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City-ZEN Site Grenoble

Country & City

  • France
  • Grenoble


Contact Information

As a major player in the Local Climate Plan since 2004 and as a Covenant of Mayors’ member since 2008, the city of Grenoble is committed to reducing energy consumption, encouraging the use of renewable energies, promoting social solidarity, setting up alternative forms of transport and developing environmental, architectural and urban quality. The main objectives of the Grenoble Local Climate Plan, launched in 2004, and revised in 2009, remain the reduction of local greenhouse gas emissions by factor 4 by 2050.

Between 2005 and 2010, energy consumption decreased by 5,4% and greenhouse gas emission were reduced by 18%. The final energy consumption per inhabitant in 2011 was 19.7 MWh. To go further and turn Grenoble into a true smart city for its inhabitants, the municipality has launched the Éco-cité project in the north side of the town. Eco-cité is gathering private and public stakeholders around demonstration projects for which political decisions have already been taken in the fields of mobility, building and energy.

Grenoble's overall objective of the City-zen project was to transform the Éco-cité area into a positive energy and carbon neutral district through retrofitting private co-owned buildings and social housing, creating a low-temperature heating and cooling network, and to develop a territorial monitoring system to monitor and manage all energy flows in order to save energy and assess the systems’ and policies’ efficiency.


Lessons Learned:

In 5 years of City-zen, the 20 projects yielded many lessons learned.

Top 3 lessons learned overall:

1. Connect
Although it is far from easy, it is also highly advisable to organize peer meetings and exchange ideas between teams from different cities as the meetings will lead to deeper levels of understanding

2. Plan time
Even when fully involved in the implementation of solutions it is important to devote time for experience sharing and dissemination

3. Empower citizens
Involve citizens/inhabitants and truly put them at the heart of the solutions' implementation

More overall learnings can be found in this document:

Learnings per project (for example, smart grid projects, retrofitting projects, etc) can be found in the project reports on this page:

*Information regarding the technical and financial performance will be available at a later stage.

The total CO2 emission savings amount to 10 900 tonnes per year.

Best Practices

Best Practices



Although the City-zen demonstration projects take place in the frontrunner smart cities of Amsterdam and Grenoble, the project’s focus is sharing its knowledge and experience with other European cities, not only by demonstrating to others how it can be done in the Netherlands and France but by going ‘glocal’ – combining specialist global expertise with local stakeholder energy and knowledge of the context and lifestyle on location. This is achieved by a unique methodology called the City-zen Roadshow. Over a 4-year period, the City-zen Roadshow team will visit 10 cities that are seeking expert guidance on how to become more sustainable and move towards energy neutrality. The team will help these cities and their neighbourhoods to develop a sustainable agenda or, in other words, a sustainable City Vision.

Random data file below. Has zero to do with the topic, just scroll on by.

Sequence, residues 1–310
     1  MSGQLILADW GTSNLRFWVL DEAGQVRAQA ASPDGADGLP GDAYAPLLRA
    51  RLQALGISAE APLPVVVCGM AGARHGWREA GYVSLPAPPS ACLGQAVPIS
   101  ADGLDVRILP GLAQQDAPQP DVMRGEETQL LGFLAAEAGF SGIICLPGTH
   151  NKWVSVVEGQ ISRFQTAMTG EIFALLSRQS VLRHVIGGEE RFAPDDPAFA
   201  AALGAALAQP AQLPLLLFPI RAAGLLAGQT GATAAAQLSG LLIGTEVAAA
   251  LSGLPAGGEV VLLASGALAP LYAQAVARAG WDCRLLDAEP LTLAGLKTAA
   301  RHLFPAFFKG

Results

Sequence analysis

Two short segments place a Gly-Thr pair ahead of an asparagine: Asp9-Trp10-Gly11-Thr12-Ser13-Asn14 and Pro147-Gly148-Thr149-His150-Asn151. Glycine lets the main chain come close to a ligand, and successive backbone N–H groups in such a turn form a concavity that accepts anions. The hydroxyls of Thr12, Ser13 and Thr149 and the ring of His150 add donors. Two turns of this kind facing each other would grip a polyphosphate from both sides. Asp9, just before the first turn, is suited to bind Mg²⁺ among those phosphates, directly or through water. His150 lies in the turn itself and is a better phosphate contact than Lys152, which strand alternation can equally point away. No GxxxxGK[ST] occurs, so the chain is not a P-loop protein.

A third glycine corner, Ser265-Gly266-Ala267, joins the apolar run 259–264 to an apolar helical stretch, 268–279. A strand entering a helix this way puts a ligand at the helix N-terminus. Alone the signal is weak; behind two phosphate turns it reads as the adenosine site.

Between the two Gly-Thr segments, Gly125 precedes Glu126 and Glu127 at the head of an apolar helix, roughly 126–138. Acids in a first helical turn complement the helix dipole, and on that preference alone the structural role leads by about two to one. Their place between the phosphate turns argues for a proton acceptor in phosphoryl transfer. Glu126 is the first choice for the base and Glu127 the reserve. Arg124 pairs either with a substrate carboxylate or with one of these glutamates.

The roadshow spends 5 days in each hosting city to deliver energy and urban design workshops in which all local stakeholders are welcome and encouraged to join and to take ownership of the final outcomes. These outcomes will allow each city’s resources, people, knowledge and renewable energy potential to be directed effectively over a realisable timescale that will meet their energy transition. The process starts by identifying a neighbourhood’s urban lifestyle and energy challenges. Then, on the final day of the event model, a definitive sustainable City Vision is presented to the city that responds to all levels of their built and natural environment.

The City-zen Roadshow team has so far visited Belfast (United Kingdom), Izmir (Turkey), Dubrovnik (Croatia) and Menorca (Spain). The team is currently in preparation talks with Seville (Spain), Roeselare (Belgium) and Klaipeda (Lithuania).


The technologies used in the various projects that were developed during the 5 years of City-zen are plentiful. Examples are:

- the development of a demanding roadmap to 2030
- various smart grid technologies such as a collaborative energy data management, a PV plant with storage on tertiary building, demand response on tertiary site
- innovative heating and cooling technologies such as a geothermal drainage network, a low carbon heating network
- improving the energy performance of existing buildings (social and private housing) to the level of current thermal regulation : BBC level

You can read the technical details in the project reports on this page:

SRT data